• The CAL site provides a lexicon, but it is somewhat more awkward to use.
  • For a downloadable Syriac dictionary you can run independent of the web, use the Beth Mardutho one based on the SEDRA database.
  • For a free, online grammar of "Assyrian Aramaic," this appears to be a very nice site.
  • At the Beth Sapra Online Library, you can download PDFs of a bibliography, the 1906 The Elements of Syriac, and Eberhard Nestle's 1900 Syriac Grammar.
  • BibleWorks7 comes with the Aramaic New Testament (Peshitta), with the Etheridge (1849), Lewis (1896), Murdock (1851), Norton (1881), and Magiera (2005) English translations. The OT is not included, and the Syriac text is not analyzed or linked to any lexicon.
  • Logos3 includes the Syriac Peshitta NT with Morphology along with editions of Codices Curetonianus and Sinaiticus in their Original Language, Silver, and Gold libraries. (The Peshitta NT can also be purchased separately for a list price of $19.95.) The Silver and Gold libraries (why not the Original Languages one??) also include the Analytical Lexicon of the Syriac NT. (Also available separately.) In Logos3, therefore, one can double click on any word in the Syriac text, and it will invoke the correct lexicon entry. There are not, however, any English translations available unless you buy the rather expensive ($179.95 list on pre-pub) Gorgias Press Syriac Collection which includes the Murdock translation along with 8 other books.
  • Accordance for the MAC, like Logos3, offers the Syriac Peshitta NT with Morphology along with editions of Codices Curetonianus and Sinaiticus. (But unlike Logos3, it will cost you $100.) Murdock's translation is also included, but I can't find that any Syriac lexicon is.
  • The NT Peshitta in Hebrew letters is available in the Online Bible.
  • The Murdoch translation of Peshitta NT is available for e-Sword.
For Further Study
  • The Aramaic Peshitta Bible Repository offers quite a bit of information and access to tools for studying the Aramaic NT.
  • There are numerous resources at Under the Introduction heading is background information and links to fonts. There are a number of articles, tools (links to a grammar [cached page], lexicon, font encoding, Word DOCS), an interlinear NT (Matthew-Acts), a forum, music, and more links.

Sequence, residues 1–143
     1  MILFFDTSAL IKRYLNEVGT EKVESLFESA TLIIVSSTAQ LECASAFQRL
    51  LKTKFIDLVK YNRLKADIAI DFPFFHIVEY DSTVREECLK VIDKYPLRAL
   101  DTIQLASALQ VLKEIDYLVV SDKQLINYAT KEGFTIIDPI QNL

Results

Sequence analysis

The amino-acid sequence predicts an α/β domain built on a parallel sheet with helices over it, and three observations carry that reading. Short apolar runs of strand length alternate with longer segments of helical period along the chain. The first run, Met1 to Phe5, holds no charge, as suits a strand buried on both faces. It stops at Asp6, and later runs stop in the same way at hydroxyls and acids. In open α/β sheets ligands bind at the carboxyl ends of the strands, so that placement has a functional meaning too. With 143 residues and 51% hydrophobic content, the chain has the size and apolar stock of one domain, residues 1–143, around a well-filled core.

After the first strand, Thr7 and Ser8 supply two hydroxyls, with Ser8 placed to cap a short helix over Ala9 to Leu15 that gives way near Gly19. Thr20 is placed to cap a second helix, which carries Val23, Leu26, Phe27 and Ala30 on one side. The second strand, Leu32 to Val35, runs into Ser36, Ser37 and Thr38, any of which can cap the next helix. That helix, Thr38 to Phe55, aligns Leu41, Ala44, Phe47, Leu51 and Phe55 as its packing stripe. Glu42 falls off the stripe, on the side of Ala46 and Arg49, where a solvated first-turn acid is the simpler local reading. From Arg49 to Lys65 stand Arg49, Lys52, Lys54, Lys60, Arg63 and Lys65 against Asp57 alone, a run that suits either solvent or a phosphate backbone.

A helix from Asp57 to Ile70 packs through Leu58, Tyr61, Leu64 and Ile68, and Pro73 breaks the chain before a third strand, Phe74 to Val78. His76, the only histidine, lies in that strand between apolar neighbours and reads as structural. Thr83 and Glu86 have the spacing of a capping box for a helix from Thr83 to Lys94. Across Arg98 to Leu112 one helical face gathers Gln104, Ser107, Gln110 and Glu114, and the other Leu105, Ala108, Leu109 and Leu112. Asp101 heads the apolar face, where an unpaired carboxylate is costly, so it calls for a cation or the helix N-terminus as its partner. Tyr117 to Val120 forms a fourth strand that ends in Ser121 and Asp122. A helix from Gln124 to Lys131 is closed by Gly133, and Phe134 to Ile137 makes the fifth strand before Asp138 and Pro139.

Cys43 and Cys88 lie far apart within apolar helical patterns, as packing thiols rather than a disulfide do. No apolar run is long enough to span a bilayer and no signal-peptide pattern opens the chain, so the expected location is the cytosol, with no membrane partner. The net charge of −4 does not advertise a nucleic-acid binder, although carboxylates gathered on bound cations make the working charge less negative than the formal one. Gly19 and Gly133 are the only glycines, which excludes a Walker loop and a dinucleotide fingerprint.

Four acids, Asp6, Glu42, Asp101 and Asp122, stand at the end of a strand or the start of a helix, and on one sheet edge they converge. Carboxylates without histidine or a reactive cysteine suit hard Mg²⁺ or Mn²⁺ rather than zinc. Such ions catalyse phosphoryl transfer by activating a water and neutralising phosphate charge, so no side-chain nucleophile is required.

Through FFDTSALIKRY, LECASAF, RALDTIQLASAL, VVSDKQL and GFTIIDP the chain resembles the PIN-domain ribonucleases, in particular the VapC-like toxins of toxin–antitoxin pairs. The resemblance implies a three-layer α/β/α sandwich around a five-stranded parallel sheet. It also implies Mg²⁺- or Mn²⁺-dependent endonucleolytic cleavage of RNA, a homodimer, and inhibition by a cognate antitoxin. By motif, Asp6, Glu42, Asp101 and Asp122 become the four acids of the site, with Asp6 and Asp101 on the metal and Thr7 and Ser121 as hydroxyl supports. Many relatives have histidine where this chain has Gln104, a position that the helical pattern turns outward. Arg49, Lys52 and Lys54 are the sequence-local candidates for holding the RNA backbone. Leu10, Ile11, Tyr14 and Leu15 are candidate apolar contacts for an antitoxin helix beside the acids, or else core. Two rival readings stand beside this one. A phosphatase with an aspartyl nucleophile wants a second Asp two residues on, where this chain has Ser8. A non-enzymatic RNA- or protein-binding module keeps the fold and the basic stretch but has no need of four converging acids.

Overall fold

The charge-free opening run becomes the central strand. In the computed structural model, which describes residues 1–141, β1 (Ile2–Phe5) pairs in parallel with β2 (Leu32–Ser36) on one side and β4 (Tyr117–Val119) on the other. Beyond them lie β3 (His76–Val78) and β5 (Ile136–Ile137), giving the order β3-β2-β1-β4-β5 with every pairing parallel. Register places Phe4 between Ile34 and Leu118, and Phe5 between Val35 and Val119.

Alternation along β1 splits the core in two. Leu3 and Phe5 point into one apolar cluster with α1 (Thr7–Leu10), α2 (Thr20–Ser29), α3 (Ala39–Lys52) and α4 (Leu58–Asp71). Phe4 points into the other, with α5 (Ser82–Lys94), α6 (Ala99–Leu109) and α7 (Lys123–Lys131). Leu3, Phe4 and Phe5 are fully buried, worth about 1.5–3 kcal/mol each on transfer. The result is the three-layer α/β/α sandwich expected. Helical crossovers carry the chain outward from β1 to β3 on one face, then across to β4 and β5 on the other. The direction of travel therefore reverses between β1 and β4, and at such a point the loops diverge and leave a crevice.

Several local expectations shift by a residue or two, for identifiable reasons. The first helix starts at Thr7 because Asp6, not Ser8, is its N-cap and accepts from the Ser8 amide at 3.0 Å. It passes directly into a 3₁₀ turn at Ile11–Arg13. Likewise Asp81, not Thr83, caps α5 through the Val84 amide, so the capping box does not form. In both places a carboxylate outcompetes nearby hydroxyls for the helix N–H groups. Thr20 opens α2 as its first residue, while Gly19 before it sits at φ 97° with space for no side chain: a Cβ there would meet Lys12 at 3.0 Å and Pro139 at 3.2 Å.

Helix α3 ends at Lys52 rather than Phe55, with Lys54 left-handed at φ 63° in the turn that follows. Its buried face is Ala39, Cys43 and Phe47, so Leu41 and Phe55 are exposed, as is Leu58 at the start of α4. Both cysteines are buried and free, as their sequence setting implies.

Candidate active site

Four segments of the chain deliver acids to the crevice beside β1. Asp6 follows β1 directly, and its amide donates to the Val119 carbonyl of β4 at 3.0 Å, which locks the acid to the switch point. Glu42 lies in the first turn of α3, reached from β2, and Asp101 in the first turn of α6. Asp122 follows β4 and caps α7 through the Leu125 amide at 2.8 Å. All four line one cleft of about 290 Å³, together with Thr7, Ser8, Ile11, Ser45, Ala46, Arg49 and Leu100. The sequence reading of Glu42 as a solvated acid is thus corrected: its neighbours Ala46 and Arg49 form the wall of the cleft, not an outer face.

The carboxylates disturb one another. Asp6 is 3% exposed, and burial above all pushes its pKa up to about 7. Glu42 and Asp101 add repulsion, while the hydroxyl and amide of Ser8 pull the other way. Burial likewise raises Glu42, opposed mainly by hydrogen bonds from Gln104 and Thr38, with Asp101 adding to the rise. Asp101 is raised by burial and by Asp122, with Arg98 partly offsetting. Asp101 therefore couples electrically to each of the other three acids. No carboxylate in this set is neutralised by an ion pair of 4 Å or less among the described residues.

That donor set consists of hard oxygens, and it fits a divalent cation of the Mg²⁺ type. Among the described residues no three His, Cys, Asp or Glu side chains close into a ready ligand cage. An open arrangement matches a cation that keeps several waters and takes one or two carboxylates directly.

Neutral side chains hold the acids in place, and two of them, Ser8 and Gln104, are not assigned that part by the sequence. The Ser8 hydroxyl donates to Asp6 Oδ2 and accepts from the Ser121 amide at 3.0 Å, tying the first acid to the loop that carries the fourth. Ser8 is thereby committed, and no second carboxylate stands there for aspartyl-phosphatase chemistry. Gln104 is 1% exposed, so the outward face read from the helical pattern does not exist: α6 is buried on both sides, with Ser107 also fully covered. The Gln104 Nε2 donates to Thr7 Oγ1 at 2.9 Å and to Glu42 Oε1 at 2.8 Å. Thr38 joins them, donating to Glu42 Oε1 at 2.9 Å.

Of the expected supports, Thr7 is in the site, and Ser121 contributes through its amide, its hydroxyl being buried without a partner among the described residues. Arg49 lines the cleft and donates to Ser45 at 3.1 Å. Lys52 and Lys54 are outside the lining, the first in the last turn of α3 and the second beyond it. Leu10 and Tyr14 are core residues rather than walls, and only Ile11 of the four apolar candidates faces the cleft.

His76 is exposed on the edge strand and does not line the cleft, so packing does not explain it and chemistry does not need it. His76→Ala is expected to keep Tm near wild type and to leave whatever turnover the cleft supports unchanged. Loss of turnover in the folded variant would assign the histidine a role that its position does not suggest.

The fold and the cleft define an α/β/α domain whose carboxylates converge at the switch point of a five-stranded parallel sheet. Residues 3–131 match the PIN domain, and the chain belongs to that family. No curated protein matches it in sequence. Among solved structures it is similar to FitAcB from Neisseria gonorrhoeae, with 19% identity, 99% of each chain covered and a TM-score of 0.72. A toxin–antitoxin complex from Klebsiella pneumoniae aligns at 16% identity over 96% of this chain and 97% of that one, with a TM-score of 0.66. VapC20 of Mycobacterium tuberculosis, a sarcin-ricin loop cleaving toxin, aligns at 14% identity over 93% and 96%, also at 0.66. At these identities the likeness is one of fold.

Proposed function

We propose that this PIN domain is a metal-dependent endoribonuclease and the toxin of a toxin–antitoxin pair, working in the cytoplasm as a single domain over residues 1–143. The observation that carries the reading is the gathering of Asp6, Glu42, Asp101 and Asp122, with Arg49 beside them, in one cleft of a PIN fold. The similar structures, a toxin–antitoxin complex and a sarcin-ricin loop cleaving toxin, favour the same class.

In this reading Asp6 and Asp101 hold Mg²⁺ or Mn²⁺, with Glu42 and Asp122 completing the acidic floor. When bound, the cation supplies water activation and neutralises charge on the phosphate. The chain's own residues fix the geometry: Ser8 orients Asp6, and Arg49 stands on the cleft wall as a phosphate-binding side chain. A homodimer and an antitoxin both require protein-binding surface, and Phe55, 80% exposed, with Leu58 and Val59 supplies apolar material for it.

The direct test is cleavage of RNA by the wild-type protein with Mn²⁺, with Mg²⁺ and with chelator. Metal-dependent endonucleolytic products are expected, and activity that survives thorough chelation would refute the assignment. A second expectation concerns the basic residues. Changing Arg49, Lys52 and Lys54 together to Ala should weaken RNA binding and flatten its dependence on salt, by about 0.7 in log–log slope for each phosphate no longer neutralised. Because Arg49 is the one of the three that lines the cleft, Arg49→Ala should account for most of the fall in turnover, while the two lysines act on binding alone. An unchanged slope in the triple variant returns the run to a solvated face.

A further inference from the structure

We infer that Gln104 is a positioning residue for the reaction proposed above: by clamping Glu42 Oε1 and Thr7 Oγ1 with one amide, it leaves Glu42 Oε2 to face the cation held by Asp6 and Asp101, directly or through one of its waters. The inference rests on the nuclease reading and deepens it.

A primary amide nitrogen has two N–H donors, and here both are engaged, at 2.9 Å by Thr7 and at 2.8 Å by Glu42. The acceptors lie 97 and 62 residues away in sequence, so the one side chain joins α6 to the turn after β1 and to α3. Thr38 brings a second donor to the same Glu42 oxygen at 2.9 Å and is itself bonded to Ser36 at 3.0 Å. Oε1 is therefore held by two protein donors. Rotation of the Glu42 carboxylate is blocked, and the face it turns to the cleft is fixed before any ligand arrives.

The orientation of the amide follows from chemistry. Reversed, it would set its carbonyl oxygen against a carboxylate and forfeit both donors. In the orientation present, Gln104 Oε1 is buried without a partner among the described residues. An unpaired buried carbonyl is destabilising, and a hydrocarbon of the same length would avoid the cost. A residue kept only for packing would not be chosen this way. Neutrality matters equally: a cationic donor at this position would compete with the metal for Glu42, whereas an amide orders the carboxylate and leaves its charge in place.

• Also check out the Beith Morounoye site which provides a history of the Syriac language and lessons in Syriac along with other devotional resources.
  • The Syriac Orthodox Church has helpful background information on the Syriac Bible and various editions and commentaries.
  • Additionally, use this Google Books search link to find all the books with full views with Syriac in their titles. (The 29 hits that were returned on 2007.10.04 are mostly old grammars and catalogue listings, but there are some interesting texts and other reference works in the mix.)


  1. Don't suppose you could comment on the Bibleworks add-on module APNT (Aramaic Peshitta New Testament Database; Magiera)? There is a positive review of it on the Bibleworks forums which has encouraged me to consider purchasing it. (
    PS It's not included in your BW7 Texts Excel file either.

  2. Hi, Joel. I don't have the APNT add-on module. I do actually have it on the Excel list, however. Note that BW7 does come with the Magiera Peshitta NT English translation (MGI) and with the Peshitta NT in Syriac (PES) and Hebrew (PEH) script. What the APNT module adds is the morphological coding linked in the matching PEM and PMH texts.

  3. I thought I'd mention a couple of new resources from Logos Bible Software, released on the Pre-Pub page within the past few weeks.

    First, we're hoping to gather enough interest to move forward with a massive collection of Greek, Hebrew, Latin, and Syriac grammars and lexicons. In particular: Nöldeke's Compendious Syriac Grammar, R. Payne Smith's Compendious Syriac Dictionary, and Eberhard Nestle's Syriac Grammar. Here's the collection: Biblical Languages: Reference Grammars and Introductions (19 Vols.)

    The other project we're working on is the Leiden Peshitta. This will include the entire running text of the OT and NT, plus deutero-canonical works, along with a limited critical apparatus. (This also underlies the Brill edition.)

  4. Thank you very much for this comprehensive list of Aramaic/Syriac resources which are available on the Internet. It's great to see these collected together into one place. The number of Aramaic-related resources are steadily growing as more people become interested in Aramaic.

  5. Thanks. BTW, be sure to check the page I keep updated here:
    I've added your to the list of resources.